Musselburgh mudflats + Teleman
The tide having reached its lowest point a half hour before, the Firth of Forth's daily land grab was well underway. In the meantime, the mudflats were still extending for hundreds of metres beyond the entrance to Fisherrow Harbour, with waders prowling the terrain for shellfish and lugworms. Local dogwalkers were strolling along the shore, keeping a wary eye on brackish channels that can snake around the flatlands. (Traversing the slurping puddles you try not to dwell on thoughts of quicksand!) Headed in the direction of the mouth of the River Esk to the east, then back again, towards Arthur's Seat shaking off the morning shadows.
Playlist: Teleman, Brilliant Sanity (Moshi Moshi, 2016)
The London indie band's second album is an expansion of the wonderful blend of sometimes melancholic but paradoxically uplifting guitar pop they unleashed on their debut Breakfast (Moshi Moshi, 2014). I've read about them planning song structures on a whiteboard. If this seems the antithesis of rock n'roll spontaneity, it doesn't detract from their infectious songwriting. (The thought of Iggy Pop and the Asheton brothers fighting over marker pens does conjure a farcical image, but rock has always been, and continues to be, a broad church, despite one Noel Gallagher's hyperbolic jabbering about Oasis being its last great exponents).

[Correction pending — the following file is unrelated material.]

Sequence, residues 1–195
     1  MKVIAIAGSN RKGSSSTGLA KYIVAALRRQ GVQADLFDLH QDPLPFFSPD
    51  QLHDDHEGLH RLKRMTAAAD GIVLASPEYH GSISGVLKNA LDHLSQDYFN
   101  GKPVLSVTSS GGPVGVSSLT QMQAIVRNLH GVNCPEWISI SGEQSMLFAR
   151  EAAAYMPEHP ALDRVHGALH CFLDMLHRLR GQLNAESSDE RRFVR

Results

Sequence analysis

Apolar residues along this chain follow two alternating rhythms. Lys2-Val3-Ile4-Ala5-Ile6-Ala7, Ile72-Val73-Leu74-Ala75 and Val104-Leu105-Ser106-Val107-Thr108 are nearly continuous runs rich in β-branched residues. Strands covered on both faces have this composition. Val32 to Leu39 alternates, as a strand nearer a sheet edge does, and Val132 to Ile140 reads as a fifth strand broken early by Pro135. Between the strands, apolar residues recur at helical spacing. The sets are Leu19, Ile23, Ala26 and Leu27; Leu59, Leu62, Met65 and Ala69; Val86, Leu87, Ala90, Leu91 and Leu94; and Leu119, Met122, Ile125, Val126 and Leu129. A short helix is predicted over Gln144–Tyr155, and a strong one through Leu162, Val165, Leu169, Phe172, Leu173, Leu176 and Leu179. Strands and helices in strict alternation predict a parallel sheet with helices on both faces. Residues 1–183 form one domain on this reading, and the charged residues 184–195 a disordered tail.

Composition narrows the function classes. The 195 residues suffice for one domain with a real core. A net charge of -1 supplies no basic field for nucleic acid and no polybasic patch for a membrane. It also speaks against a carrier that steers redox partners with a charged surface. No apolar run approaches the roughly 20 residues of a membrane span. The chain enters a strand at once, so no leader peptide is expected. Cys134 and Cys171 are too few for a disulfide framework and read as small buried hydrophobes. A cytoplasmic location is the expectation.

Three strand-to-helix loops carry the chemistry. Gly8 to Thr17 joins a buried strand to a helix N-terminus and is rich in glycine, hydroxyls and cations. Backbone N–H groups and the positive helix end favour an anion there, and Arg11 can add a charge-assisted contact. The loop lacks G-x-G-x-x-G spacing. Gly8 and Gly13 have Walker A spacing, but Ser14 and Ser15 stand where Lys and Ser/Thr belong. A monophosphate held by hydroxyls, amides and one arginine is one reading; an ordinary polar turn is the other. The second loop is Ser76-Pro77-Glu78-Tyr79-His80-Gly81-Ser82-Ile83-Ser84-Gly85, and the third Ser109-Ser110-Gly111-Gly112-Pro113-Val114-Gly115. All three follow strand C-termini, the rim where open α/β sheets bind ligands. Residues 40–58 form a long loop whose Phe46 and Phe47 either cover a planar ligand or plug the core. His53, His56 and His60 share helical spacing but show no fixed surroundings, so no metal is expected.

I first heard Teleman on longtime champion Marc Riley's seminal BBC Radio 6 show. If they're spirited enough to be recommended by The Fall's former rhythm guitarist, they're more than worthy of a listen. Brothers Tommy and Jonny Sanders, Pete Cattermoul and Hiro Amamiya concoct an addictive meld of early Pet Shop Boys, Kraftwerk, the Beach Boys, and even Supertramp, with vocal harmonies floating amongst catchy guitar lines. Track after track, from the opener 'Dusseldorf,' to 'Glory Hallelujah,' 'Tangerine,' 'English Architecture,' and 'Melrose' through to 'Devil in My Shoe' hooks the listener.
Post script. I also love the title, Brilliant Sanity. Having experienced bipolar's horribly delusional underworld, sanity, exemplified by the elevating joy of music, can certainly seem brilliant.